Through Our Eyes: Resources and Information About and For Those Living with Parkinsons
- Self-Help Web Sites with Articles & Brochures, and Web Forums
- "Through Our Eyes" PD Speakers Panel: Learning About PD from Patients
- Brooklyn Parkinsons Group & Dance for PD
- "Through Our Eyes" Poster Information
- Presentation of "Managing Our Diminishing Executiv...
- "Capturing Grace," about a group of Brooklyn, NY d...
- Join Advocacy Efforts with Parkinson's Action Netw...
- Collection of Parkinson's Poems in PDF Creativity ...
- Shattering the Myth of "Wow! She's Gotten So Much ...
Monday, September 19, 2016
Key Findings & Conclusions/Implications and Future Goals as per Survey Results
(54 respondents from ten countries, 8 from outside North America)
A) 76% of those surveyed experience Apathy symptoms as described in survey intro, 43% for a day or more
B) Only 33% of respondents report being clearly asked by their Movement Disorder neuro's if they've personally experienced Apathy symptoms, and only 21% of those surveyed had Apathy clearly explained to them as a PD symptom. A good number mistake Apathy for Depression.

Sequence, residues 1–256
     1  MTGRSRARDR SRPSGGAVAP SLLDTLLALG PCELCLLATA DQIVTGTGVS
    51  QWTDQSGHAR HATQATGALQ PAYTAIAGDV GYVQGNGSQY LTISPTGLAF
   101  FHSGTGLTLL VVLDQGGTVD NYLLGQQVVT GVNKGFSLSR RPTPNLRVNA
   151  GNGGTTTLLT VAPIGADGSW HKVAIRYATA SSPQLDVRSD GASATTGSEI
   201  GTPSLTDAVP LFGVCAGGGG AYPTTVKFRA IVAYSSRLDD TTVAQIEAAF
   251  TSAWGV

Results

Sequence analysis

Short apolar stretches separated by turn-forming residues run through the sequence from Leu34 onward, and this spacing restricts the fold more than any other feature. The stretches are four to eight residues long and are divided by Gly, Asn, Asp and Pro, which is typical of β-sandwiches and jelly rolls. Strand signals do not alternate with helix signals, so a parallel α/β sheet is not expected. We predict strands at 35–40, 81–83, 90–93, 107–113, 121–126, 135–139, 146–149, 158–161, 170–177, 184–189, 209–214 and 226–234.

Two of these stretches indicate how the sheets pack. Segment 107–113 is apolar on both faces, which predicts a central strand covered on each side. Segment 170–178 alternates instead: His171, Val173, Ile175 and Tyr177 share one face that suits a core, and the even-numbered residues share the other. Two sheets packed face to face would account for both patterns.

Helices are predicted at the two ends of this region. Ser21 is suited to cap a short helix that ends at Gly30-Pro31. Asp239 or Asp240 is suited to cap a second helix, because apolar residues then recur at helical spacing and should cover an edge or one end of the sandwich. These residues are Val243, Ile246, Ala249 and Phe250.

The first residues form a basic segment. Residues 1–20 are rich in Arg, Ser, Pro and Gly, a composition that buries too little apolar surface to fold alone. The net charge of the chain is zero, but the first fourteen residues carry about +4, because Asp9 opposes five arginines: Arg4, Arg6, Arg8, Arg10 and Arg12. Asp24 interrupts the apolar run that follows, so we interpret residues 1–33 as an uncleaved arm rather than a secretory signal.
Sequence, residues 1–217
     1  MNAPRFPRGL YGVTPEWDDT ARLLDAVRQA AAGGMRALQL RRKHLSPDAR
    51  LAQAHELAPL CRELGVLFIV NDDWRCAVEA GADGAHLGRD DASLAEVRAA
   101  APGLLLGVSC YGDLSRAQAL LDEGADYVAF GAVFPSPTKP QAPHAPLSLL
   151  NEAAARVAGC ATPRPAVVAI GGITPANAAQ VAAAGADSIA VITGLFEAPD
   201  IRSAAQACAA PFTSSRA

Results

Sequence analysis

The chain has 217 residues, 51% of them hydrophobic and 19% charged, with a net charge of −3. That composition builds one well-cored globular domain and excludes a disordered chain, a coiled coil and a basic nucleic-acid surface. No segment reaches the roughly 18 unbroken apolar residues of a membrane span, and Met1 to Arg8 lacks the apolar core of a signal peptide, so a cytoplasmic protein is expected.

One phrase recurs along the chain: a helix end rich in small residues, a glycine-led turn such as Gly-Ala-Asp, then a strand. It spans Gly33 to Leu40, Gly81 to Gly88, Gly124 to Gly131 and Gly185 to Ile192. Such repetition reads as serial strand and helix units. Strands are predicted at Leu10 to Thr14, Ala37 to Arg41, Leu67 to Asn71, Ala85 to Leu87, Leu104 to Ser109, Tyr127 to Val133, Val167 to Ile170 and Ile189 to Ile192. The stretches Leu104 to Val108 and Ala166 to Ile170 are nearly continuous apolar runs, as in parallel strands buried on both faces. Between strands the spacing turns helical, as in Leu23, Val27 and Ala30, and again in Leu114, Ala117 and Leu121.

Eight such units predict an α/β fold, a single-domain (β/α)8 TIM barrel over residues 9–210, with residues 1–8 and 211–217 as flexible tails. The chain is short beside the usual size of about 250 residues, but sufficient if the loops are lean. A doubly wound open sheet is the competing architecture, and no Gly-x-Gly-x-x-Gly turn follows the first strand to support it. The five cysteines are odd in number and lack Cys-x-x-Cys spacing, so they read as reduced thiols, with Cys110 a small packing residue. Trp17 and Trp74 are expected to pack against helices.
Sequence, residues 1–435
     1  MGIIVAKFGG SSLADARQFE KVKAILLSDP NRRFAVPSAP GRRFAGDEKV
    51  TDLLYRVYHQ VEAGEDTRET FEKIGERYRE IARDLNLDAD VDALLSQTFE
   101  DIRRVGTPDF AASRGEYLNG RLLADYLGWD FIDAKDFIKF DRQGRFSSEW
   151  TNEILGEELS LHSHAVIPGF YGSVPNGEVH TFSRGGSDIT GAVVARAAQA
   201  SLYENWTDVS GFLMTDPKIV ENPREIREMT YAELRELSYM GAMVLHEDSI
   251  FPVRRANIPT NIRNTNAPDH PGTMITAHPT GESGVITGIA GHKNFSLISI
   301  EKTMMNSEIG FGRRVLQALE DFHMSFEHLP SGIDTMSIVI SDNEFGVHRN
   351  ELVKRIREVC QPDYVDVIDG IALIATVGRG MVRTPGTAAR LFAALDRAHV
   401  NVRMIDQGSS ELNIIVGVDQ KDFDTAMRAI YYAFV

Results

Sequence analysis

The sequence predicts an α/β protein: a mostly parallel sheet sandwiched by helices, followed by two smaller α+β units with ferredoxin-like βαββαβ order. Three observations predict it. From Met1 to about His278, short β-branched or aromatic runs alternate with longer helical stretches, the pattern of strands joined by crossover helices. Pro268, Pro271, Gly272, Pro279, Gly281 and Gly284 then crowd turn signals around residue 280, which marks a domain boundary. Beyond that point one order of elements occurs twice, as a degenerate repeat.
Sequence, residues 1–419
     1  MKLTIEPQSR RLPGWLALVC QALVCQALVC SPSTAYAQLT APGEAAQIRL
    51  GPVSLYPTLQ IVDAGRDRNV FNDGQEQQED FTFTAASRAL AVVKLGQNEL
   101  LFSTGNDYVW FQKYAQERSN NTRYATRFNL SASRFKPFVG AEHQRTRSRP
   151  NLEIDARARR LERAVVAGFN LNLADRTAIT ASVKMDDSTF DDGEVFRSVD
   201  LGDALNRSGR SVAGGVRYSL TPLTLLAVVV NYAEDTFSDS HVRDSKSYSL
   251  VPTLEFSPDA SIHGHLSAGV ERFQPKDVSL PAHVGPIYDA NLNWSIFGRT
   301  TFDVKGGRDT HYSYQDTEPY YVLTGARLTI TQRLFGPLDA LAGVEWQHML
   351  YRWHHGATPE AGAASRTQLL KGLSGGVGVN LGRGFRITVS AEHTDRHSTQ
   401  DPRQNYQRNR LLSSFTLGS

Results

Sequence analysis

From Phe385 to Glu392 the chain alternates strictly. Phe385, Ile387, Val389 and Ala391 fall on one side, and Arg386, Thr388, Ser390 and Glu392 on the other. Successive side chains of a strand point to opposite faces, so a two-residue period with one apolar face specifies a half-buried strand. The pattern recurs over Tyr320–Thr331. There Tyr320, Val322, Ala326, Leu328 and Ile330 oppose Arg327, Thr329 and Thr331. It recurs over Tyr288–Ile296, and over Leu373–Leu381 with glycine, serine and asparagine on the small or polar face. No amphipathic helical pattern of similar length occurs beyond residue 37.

C) 83% of those surveyed felt Apathy had reduced their motivation to participate in physical, social and other activities which could benefit them
D) 81% of those surveyed felt advocacy and volunteering endeavors reduce their apathy symptoms, with 68% saying this was for a week or more,
E) If offered, 92% would seize opportunities to help others in PD or other local communities, even from their homes.
My conclusions (& Implications) from survey results
1) Members of PD community need to better educate PD peers, our families, and our PD neuro's about differentiating Apathy from Depression, and to recognize and identify symptoms unique to PD-related Apathy .
2) We need to teach our neuro's and other health care providers the importance of inquiring from their PWP patients whether they have Apathy symptoms
3) Recommend to PD organizations and Health Care practitioners that they explore the willingness of patients to contribute to their self-defined communities-including working from home- and emphasize the treatment value of this work as alleviating Apathy. Next. Introduce idea to above groups of encouraging and/or recruiting PWPs with skills suited for needed positions benefitting the PD (or local and/or global community).
4) Encourage family members in PWP's support systems to do the same as suggested above; to find ways the PWP can help others, including activities done from home such as joining MJ Fox/PAN to e-mail legislative alerts, sending get-well cards or making phone calls to sick members of local community, enlisting friends and family to join Unity Walks for PD and other disease group fundraising, etc.
- ▼ 2016 (13)